Brest-Litovsk as a Site of Historical Disorientation

  • Dina Gusejnova


This chapter identifies historical disorientation as an aspect of liberal political thought in the decades following the Second World War. Using Isaiah Berlin’s intellectual biography as a basis, Gusejnova examines his disenchantment with the ideas of Immanuel Kant alongside his alienation from the more recent historical experience of the Eastern European Jews. Berlin argued that modern liberalism needed a ‘negative’ conceptualisation, which he compared to a citadel into which the subject could retreat. Pointing to a more geographically specific knowledge of citadels in Eastern Europe, Gusejnova suggests dating the emergence of this way of thinking to the Peace of Brest-Litovsk and the citadel of Brest. While continental intellectual historians like Hans Saner and Reinhart Koselleck had addressed the subject of unjust peace treaties, it was Berlin’s and later John Rawls’s estranged attitude towards recent history that prevailed as the more dominant view in Cold War political thought.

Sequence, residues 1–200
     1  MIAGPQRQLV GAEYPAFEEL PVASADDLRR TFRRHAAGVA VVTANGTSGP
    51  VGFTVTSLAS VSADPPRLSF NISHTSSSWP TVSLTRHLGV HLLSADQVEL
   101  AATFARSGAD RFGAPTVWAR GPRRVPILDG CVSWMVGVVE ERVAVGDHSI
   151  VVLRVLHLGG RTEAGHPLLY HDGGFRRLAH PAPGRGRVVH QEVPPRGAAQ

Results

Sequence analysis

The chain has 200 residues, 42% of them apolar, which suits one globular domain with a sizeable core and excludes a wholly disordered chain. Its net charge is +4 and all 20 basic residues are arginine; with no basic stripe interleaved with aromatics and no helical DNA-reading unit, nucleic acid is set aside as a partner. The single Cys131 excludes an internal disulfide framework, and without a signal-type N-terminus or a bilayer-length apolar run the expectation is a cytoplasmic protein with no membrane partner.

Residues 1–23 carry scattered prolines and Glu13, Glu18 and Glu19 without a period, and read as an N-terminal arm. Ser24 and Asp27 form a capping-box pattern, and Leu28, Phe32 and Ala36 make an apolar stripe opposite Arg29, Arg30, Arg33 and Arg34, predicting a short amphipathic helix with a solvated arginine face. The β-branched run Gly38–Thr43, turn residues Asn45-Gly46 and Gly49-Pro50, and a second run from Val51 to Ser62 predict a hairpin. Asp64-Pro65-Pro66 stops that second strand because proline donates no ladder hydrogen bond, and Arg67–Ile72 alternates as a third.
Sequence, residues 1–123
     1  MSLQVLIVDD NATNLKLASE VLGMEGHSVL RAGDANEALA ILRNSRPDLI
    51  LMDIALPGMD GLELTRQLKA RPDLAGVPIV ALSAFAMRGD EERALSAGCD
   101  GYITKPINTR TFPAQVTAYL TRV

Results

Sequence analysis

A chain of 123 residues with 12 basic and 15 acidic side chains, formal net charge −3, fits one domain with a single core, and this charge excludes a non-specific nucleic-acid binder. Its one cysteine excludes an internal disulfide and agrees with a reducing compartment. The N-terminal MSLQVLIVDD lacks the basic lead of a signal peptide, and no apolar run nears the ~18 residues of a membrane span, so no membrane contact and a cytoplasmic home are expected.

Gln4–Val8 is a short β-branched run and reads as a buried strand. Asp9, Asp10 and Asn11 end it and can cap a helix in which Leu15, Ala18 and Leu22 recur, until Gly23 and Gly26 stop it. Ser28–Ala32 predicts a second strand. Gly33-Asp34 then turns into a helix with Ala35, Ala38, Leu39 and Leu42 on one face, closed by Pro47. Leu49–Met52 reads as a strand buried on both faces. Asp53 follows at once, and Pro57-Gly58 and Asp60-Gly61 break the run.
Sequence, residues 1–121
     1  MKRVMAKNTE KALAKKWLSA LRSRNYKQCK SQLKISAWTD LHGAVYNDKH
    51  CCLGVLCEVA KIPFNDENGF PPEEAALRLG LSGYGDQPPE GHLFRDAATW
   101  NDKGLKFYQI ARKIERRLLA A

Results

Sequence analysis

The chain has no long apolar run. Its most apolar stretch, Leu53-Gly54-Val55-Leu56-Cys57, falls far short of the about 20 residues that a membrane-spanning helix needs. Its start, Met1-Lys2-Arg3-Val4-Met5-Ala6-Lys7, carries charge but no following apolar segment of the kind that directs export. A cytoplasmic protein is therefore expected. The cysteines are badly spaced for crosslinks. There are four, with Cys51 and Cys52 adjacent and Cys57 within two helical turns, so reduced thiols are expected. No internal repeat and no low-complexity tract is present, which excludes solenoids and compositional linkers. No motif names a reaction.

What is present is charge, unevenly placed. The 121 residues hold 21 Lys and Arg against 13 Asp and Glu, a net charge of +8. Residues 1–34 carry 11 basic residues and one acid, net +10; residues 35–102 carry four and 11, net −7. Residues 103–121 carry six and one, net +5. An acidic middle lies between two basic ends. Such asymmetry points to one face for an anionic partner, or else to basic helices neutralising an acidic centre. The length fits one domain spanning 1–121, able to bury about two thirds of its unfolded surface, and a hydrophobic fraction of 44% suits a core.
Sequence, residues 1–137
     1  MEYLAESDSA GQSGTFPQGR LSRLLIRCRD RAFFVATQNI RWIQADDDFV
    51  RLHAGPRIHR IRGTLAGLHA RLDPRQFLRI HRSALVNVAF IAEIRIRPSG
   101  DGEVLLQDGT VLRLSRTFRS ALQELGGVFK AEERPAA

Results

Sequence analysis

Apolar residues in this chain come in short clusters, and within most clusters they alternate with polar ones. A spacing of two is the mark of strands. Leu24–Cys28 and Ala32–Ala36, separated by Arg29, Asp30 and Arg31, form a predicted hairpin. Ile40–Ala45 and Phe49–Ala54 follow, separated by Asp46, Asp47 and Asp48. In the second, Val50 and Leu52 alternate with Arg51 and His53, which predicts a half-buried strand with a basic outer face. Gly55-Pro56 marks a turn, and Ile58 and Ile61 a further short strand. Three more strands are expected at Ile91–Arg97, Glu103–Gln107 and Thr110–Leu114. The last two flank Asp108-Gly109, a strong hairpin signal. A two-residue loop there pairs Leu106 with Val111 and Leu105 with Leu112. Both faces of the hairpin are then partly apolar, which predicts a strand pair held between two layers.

Isaiah Berlin Reinhart Koselleck Realism Cold War liberalism Negative liberty Liberalism Jewish history Zionism Brest-Litovsk First World War Transnational history of war Subaltern Pale of Settlement Recognition Non-recognition Citadel Negative citizenship Citizenship and exclusion 


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Copyright information

© The Author(s) 2018

Authors and Affiliations

  1. 1.University of SheffieldSheffieldUK

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